Profit Watch UK report

Global growth pushes UK plc profits to record high.

The latest ProfitWatch UK analyses the results of the UK's top 350 companies reporting between October to December 2017. Best Financial Campaign winner at the PRCA Awards.

  • UK plc revenues rise by 12.6% to £126.6bn, a new record for the latest group of companies to report results

  • Internationally-focussed companies boast strongest growth, boosted by global economy and exchange-rate gains
  • Strength of global economy will buoy 2018 results, although boost from weak pound will dissipate through the year

Revenue (£bn) - Oct-Dec reporting period

Profit Watch Bar Chart showing revenue between October and December

UK-listed companies reporting annual results between October and December saw sales and profits hit record highs, according to the latest Profit Watch UK from The Share Centre.

A stronger world economy and a weaker pound drove up revenues by 12.6% to £116.6bn. This is the highest sales for this group of companies on record.

Growth was broadly based, with ten sectors growing revenues, compared to just one in which sales fell. Multinationals reported the strongest performance. Contract caterer Compass, the largest company to report, saw revenues climb by 15.1%, benefitting from exchange-rate gains, and improving demand in overseas markets. These two factors were also behind positive results from globally exposed companies such as Ferguson (formerly Wolseley), TUI, and Associated British Foods. Domestically focused companies such as JD Wetherspoon, Mitchells & Butlers and WH Smith achieved decent, albeit slower, sales growth. The property sector, however, was a particular bright spot, following government support for the housing market, while strong stock markets lifted the results of general financials.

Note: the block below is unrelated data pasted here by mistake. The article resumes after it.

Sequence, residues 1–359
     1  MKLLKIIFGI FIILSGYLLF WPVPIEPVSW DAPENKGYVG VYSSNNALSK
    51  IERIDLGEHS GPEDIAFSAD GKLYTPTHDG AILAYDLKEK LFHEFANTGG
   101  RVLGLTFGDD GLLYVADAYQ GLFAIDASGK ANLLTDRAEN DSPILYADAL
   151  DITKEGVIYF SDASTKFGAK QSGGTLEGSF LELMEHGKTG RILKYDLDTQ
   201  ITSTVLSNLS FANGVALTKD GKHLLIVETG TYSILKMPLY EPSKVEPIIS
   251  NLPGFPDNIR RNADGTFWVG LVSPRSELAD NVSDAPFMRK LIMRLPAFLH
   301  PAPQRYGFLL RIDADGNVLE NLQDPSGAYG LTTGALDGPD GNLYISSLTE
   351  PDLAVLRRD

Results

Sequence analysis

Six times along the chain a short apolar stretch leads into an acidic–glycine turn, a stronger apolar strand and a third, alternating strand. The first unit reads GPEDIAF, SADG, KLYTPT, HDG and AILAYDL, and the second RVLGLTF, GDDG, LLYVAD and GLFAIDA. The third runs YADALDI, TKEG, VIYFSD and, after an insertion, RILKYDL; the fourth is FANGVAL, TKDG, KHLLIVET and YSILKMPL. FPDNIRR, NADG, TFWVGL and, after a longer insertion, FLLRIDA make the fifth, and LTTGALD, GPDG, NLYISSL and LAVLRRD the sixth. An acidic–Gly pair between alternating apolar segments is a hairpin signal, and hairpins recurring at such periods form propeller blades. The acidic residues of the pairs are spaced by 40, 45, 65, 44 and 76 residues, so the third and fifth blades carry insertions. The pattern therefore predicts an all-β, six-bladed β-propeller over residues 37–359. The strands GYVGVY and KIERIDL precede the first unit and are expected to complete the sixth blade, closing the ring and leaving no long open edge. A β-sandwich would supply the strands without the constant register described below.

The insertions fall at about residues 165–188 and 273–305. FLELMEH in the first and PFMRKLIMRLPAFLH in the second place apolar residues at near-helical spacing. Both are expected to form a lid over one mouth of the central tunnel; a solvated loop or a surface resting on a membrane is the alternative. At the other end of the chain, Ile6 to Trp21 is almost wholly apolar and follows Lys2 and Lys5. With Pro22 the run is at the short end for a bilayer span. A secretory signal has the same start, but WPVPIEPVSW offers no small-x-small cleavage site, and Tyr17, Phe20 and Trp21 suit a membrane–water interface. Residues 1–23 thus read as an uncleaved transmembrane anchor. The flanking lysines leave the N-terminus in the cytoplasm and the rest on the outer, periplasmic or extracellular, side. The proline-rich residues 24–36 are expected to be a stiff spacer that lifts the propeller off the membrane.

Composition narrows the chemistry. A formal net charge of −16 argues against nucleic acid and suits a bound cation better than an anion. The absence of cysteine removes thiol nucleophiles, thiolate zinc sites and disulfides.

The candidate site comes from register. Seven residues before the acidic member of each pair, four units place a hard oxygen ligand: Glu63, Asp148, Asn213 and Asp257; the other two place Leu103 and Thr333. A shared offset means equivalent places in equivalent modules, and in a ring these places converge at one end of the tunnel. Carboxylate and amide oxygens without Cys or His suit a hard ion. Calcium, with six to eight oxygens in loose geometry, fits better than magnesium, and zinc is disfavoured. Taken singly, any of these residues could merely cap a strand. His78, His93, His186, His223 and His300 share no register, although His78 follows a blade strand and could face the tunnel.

Collective pre-tax profits rocketed 44.8% on a like-for-like basis to a record £11.2bn. In line with revenues, 10 sectors raised pre-tax profits, and only one saw them decline, and even then, only marginally. Overall, nine-tenths of the companies reporting raised their pre-tax profits.

Revenue vs pre-tax profit (£bn) - Oct-Dec reporting period

Revenue vs pre-tax profit (£bn) - Oct-Dec reporting period

Easyjet, was the clear outlier, despite higher passenger numbers and higher revenues, with pre-tax profits falling sharply year-on-year. Higher fuel costs and the pound’s weakness were major factors. Greencore, the convenience food manufacturer, also saw profits fall, owing to exceptional costs on its acquisition of Peacocks, a transaction which boosted the group’s revenues considerably.

For the most part, the earnings reported were high quality, reflecting real operational improvement across UK plc. On top of these, there were also lower quality gains from factors such as exceptional profits on the disposal of businesses in the case of AB Foods, or the revaluation of derivatives contracts in the case of Imperial Brands. Exchange-rate gains boosted the profits of many companies reporting. Even without these factors, however, this group of companies would have booked record profits.

Pre-tax profits among the top 100 leaped by more than half, far faster than the next 250. Nonetheless, a jump of nearly a third for mid-caps still represented a strong reporting period. 

Whichever way you look at it, UK plc has performed well. Even without the added sheen of exchange-rate gains, we would have seen record-breaking results.

"Fading exchange-rate gains in 2018 won’t hold back the UK’s largest companies. With the wider global economy in great shape, multinationals will profit from strong trading conditions in their overseas businesses, and manufacturers and exporters will enjoy rising demand for their goods. Domestically sensitive sectors, such as construction, seem to be on shakier ground. These depend more on investment into the UK and confidence in its economy. The high-profile collapse of Carillion, which had a large construction division, testifies to these pressures. Companies that depend on consumer demand at home are likely to see their profits underperform, as real incomes continue to fall.”